• 16 Sep - 22 Sep, 2017
  • Farheen Jawaid
  • Reviews

Clowns are creepy and scary, and that alone wins half the battle for the adaptation of Stephen King's 1986 horror novel It. If you are asking whether the clown is an effective device in the movie, then the answer might depend how young you are; if you are younger than 18, it wouldn’t matter that much. It opens effectively in 1988. In a stormy weather, big brother Bill (Jaeden Lieberher) is sick in bed, so younger brother Georgie (Jackson Robert Scott) goes out to play alone with the boat Bill made for him. There, Georgie comes face to face with It (Bill Skarsgård), a clown grinning from ears to ears who has evil intents shining in his eyes. After the encounter, Georgie goes missing. A year goes by, and Bill doesn’t think his brother is dead. Other kids also start to go missing, and no adult in the town seems to want to get to the root of their disappearance.

However, Bill’s friends Stan (Wyatt Oleff) and Eddie (Jack Dylan Grazer) have both seen that mysterious clown, and other human-like creatures that scare them when they are alone. Soon we meet Bev (Sophia Lillis), Ben (Jeremy Ray Taylor) and Mike (Chosen Jacobs), the new additions to their group which ultimately becomes known as The Losers Club. The three, too, have come in contact with the frightening clown. Only Richie (Finn Wolfhard), the joker of the gang has never seen the clown. These kids don’t have just the ominous shadow of the clown, that is known as both, It and Pennywise, to worry about but other problems as well, such as familial neglect and depression in Bill’s case, over protectiveness of Eddie’s mother, and in Bev’s case, the darker side of her drunkard father. Through growing pains, life and horror, the group unites to face the entity of It together.

This theatrical movie is far superior to its 1990’s television miniseries version, be it in visual effects or the rhythm of the story. What it lacked is the imagination and ambiance of horror. The terror doesn’t feel eminent enough to be threatening. The Conjuring, Annabelle, Insidious and the highly effective Paranormal Activity have built up on the unseen horror premise, and tightened the fear screw to its extreme. With It you keep seeing the creepy clown, with only half-hearted jump scares in place to translate his terror to the screen. Besides these scares, Pennywise is just a creepy clown who contorts a lot, while running toward the audience most of the time.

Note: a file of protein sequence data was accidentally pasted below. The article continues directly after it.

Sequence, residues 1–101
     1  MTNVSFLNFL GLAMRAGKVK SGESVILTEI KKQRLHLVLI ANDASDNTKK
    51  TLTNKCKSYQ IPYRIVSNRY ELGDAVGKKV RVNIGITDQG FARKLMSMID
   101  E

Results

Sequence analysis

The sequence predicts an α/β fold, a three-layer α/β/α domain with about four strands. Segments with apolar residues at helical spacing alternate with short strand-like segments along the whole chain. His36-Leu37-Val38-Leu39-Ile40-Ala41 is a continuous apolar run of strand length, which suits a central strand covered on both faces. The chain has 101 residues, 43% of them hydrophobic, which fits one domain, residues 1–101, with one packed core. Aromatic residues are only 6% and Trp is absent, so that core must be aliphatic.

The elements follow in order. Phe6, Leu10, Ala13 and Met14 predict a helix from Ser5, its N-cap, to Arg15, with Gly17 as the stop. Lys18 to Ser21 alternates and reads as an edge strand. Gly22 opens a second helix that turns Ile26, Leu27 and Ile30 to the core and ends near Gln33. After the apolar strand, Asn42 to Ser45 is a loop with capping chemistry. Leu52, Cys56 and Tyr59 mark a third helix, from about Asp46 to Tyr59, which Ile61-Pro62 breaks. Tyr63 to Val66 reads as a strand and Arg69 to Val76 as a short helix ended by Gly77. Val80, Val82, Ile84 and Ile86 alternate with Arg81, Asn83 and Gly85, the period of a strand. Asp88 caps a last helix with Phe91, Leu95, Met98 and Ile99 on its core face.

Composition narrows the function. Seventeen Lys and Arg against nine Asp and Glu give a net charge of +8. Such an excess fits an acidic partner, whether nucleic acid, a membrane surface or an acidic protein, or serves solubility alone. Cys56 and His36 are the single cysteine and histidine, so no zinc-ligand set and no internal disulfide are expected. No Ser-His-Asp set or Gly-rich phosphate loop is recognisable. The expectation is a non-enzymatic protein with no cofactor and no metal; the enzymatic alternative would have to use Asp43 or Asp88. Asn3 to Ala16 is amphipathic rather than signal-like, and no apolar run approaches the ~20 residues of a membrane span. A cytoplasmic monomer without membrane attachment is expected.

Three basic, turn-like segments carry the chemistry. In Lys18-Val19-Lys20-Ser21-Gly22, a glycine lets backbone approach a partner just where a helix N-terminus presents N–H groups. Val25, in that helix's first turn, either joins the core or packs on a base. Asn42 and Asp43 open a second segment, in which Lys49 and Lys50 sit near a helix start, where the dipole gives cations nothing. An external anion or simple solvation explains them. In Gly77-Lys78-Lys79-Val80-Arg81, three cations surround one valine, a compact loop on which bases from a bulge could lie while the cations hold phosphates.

The cast of the young actors is refreshing, who carry the bonding part of the movie with resounding conviction and depth (Sophia Lillis and Jaeden Lieberher stand out). Director Andy Muschietti is the same man who had made the underappreciated Mama – a film about a ghost who takes on the role of a mother to two abandoned girls and doesn’t let them go when they are taken into a civilised household. Mama had a lot of unseen horror and moments that built up to the surprising end. It doesn’t have those moments – the movie is linear and ho-hum till the last quarter. The film deserves its R-rated certificate – there is a healthy amount of gushing blood in scenes, as well as profane language delivered from the young cast. The story makes it a point to show the gore – It likes to eat kids, and this time the filmmakers took the opportunity with brazen uninhibitedness. •